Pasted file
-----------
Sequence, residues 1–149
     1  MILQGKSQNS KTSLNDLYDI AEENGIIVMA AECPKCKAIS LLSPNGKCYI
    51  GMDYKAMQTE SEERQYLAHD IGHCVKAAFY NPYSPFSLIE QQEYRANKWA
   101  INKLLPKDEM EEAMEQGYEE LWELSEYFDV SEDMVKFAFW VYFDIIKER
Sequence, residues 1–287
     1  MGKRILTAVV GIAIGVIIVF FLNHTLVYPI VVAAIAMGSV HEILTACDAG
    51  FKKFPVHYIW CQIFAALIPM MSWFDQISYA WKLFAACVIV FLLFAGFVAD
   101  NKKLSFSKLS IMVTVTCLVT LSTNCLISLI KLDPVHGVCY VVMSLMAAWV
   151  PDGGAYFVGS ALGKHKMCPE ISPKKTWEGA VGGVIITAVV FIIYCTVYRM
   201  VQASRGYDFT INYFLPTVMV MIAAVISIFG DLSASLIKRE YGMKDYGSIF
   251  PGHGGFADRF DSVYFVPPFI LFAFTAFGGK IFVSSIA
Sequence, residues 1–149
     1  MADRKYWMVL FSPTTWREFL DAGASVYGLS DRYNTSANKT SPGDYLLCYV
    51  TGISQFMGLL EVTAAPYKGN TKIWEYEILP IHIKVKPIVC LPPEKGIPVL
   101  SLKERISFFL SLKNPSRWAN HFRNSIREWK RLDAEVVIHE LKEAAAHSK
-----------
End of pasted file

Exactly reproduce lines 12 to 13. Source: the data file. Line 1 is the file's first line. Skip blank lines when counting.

Sequence, residues 1–149
     1  MADRKYWMVL FSPTTWREFL DAGASVYGLS DRYNTSANKT SPGDYLLCYV